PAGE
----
Australia: Child sexual abuse survivor dies before redress approved; other terminally ill victims waiting - PressFrom - Australia
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AustraliaChild sexual abuse survivor dies before redress approved; other terminally ill victims waiting

20:55  06 december  2018
20:55  06 december  2018 Source:   abc.net.au

Man avoids criminal record after confessing to child sex abuse

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At 82, Geoff Meyers died never getting the redress payout he had hoped would provide some recognition for the sexual abuse he suffered as a ward. In the first five months of the scheme, 2,000 people have made applications, but only 20 survivors have received any form of redress .

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Child sexual abuse survivor dies before redress approved; other terminally ill victims waiting© Provided by ABC News Geoffrey Meyers's redress application paperwork was lost twice.

Child sexual abuse survivor Geoff Meyers died before seeing a cent through the National Redress Scheme, as figures reveal only 1 per cent of people have received a payout so far.

Mr Meyers, who suffered as a ward of the state at Royleston Boys' Depot in Glebe, hoped redress would provide some recognition for those who suffered.

It took more than seven decades for him to tell his story to the royal commission and it was "very hard on him", his son Geoff Meyers told the ABC.

"He was treated badly by the matron, assaulted, sexually tortured and abused. The children were thrown under the stairs and locked up there for days," he said.

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Child sexual abuse survivor dies before redress approved ; other terminally ill victims waiting https The victims of Catholic neglect, abuse , cruelty, disdain & fake empathy are dying . Many are homeless, drug & alcohol addicted, hungry, desolate & all the Church does is obfuscate & re- abuse .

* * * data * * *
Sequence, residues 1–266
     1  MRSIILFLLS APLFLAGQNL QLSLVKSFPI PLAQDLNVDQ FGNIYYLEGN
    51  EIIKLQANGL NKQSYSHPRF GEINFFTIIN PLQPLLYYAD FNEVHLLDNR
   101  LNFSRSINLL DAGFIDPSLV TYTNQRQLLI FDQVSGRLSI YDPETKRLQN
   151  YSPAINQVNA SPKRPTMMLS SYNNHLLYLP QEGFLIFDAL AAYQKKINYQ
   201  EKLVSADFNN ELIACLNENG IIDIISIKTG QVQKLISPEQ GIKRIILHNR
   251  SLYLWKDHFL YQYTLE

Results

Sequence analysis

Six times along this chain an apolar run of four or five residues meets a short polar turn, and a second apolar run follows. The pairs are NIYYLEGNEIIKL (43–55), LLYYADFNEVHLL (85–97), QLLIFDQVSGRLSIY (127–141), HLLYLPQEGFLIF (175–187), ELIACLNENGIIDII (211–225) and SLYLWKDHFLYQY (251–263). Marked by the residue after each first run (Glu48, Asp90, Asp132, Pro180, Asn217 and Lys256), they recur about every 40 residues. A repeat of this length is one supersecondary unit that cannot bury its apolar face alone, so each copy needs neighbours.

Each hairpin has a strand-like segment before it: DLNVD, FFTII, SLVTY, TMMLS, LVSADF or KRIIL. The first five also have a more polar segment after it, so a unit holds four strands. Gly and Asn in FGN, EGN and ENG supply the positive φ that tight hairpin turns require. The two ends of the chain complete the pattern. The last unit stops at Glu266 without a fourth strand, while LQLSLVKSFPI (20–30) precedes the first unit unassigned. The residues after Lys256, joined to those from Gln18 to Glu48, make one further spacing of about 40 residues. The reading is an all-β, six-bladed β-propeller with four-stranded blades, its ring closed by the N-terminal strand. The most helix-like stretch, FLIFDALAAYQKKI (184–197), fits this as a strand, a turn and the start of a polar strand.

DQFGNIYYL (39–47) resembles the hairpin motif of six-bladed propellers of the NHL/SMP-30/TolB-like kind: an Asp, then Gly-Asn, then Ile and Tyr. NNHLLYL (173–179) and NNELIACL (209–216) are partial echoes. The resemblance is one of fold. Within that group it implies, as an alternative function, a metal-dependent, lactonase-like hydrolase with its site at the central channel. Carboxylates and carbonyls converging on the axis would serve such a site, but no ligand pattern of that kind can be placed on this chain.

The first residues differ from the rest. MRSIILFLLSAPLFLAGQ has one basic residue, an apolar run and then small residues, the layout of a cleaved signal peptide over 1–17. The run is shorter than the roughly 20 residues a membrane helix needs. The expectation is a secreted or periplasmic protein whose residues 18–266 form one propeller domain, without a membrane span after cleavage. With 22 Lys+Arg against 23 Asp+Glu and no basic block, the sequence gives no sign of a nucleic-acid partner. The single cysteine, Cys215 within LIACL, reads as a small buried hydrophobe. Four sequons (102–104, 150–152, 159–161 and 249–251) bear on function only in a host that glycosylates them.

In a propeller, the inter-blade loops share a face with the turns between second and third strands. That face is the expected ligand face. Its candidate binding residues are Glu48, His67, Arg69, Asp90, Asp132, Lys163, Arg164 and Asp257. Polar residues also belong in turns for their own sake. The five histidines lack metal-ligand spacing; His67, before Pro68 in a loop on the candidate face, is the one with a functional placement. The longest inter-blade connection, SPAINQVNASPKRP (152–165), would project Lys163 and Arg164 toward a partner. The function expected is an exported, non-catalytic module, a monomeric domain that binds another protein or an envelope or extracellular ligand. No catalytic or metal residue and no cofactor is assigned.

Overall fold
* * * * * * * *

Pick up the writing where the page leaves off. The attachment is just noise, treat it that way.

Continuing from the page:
Child sexual abuse survivor dies before redress approved ; other terminally ill victims waiting - Geoffrey didn’t see # Redress CareLeavers r dying waiting whilst Churches Charities thumb their noses at FedGovt @PaulFletcherMP⁩ ⁦@LindaBurneyMP⁩https

"But he felt at least something [was] getting done for everybody … still he was upset at how long [the royal commission] was taking."

But Mr Meyers placed his faith in one of its key recommendations, the National Redress Scheme.

"As soon as he could download the forms, he sent his application back within the first week of the scheme," his son said.

But Geoff told the ABC his father's 80-page application went nowhere — not once, but twice.

"A month or two later they contacted him and told him they'd lost his paperwork," he said.

Mr Meyers applied again, but then according to his son, the paperwork was lost a second time.

"It caused him a lot of heartache," Geoff said.

The 82-year-old died of heart complications four months after he lodged his application for redress, which was designed to provide an alternative to civil litigation for approximately 60,000 survivors of child sexual abuse in institutions.

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A terminally ill man who was unable to speak or write used eye-tracking technology to The survivor died on 8 February, the same day his abuser was convicted. While he never got to hear that This conviction is a fitting tribute to the courage of the victim , who sadly died during these proceedings."

Kincora child abuse survivor Clint Massey has died . Clint and the other victims of Historical Institutional Abuse deserving of redress , continue to die rather than receive the help they so patently deserve.

In the first five months of the scheme, 2,000 people have made applications, but only 20 survivors have received any form of redress.

Still waiting on churches to join

While Social Services Minister Paul Fletcher has described the scheme as "up and running" there are major hurdles to thousands of survivors making claim.

"At the moment about 50 per cent of the applications that have been received from survivors relate to institutions that are not yet within the scheme," Mr Fletcher told the ABC.